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What’s The REAL Reason Half Of CRM Systems Fail To Provide ROI?


We find it almost unbelievable that recent research found that HALF of Fortune 1000 companies get zero ROI for their CRM systems. These businesses are investing millions of dollars and thousands of hours all for — get this — nothing. Wow.

That 50 percent statistic is a pretty staggering number. To tell you the truth, we think the figure sounds more like the Siebel implementation failure rates that we saw about a decade or more ago.

Since then, Salesforce, Dynamics CRM, Sugar CRM and other cloud-based CRM solutions have done a lot to decrease the complexity of CRM implementations, which has absolutely made CRM easier for IT, sales management and individual account managers to use the systems.

But still, even with these improvements, it’s clear that far too many businesses are still failing to get enough value from their CRM investments.

Score More Sales recently shared an article suggesting the three biggest reasons for this failure including: integration issues, lack of use and an inability to tie your social strategies into marketing or sales.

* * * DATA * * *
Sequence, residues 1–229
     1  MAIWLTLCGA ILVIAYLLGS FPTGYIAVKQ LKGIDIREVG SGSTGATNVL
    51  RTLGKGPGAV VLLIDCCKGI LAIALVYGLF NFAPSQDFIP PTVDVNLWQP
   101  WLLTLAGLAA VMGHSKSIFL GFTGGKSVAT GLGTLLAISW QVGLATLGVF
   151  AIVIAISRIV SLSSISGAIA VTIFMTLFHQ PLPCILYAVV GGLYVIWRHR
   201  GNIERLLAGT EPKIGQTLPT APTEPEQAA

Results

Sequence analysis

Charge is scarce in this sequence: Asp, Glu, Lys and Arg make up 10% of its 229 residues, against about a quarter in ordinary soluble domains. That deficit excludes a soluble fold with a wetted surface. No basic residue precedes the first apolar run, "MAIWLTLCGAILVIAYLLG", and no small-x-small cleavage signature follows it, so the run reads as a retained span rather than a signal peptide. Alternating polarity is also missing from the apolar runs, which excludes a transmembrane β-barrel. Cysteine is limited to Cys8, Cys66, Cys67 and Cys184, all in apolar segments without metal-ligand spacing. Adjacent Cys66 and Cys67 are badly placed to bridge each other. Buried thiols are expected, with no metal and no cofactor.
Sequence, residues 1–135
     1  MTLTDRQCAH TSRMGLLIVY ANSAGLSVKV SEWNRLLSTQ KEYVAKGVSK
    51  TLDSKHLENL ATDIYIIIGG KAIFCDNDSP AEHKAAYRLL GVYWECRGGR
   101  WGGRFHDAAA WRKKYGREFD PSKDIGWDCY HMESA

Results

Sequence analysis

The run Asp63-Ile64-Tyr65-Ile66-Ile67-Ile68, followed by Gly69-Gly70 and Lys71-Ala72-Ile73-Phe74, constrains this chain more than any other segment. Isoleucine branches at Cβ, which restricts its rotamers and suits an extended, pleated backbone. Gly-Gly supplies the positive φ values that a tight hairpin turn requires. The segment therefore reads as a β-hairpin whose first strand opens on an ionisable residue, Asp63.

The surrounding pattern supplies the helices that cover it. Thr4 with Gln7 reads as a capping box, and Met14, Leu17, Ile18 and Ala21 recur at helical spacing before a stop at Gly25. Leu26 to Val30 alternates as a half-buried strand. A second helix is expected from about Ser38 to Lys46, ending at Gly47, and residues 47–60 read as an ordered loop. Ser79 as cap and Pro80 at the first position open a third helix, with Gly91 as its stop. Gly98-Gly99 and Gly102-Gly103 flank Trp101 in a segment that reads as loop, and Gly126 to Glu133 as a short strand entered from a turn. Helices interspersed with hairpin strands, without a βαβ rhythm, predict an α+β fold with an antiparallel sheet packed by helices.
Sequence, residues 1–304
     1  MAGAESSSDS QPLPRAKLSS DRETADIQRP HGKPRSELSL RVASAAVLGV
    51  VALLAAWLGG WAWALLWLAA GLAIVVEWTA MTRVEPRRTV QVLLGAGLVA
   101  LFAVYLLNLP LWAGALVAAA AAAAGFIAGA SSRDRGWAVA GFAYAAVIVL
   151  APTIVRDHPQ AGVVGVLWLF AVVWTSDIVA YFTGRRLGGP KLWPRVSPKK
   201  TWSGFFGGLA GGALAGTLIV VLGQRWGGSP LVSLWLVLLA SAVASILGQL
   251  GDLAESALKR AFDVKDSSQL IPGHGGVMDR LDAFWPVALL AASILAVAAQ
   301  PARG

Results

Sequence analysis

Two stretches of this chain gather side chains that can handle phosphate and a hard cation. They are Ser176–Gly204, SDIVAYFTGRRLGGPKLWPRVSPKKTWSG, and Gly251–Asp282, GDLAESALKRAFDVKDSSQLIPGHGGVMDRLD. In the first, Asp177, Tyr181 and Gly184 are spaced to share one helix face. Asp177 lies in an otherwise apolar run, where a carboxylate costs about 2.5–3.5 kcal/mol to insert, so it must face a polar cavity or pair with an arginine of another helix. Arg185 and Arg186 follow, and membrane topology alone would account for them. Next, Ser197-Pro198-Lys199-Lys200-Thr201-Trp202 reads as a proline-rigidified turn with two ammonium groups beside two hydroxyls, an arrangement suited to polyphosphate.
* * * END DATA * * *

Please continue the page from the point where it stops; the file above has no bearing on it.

While these reasons might have an impact on some companies, the biggest reason for failure is not any of the listed ones here. The core reason why CRM implementations continue to fail is the lack of added value to front-line sales professionals.

In most cases, CRM is still a management tool for sales group managers or other types of sales and corporate management functions to do pipeline forecasts. It is an inspection, monitoring and reporting tool that doesn’t help sellers on the front line to engage better with their prospects or customers. 

And if there is anything that sales professionals really hate to do it’s exactly that: Typing data into a system that adds little to no value to their conversion and success rates.

The Tellwise Nutshell (TTN): At the end of the day, front-line sales professionals go back to phone calls and emails when they contact their customers, so they have no motivation to put information into CRM systems. It helps their managers, but it’s absolutely useless to them when it comes to prospecting and engaging with customers.

Source: Score More Sales, September 2013

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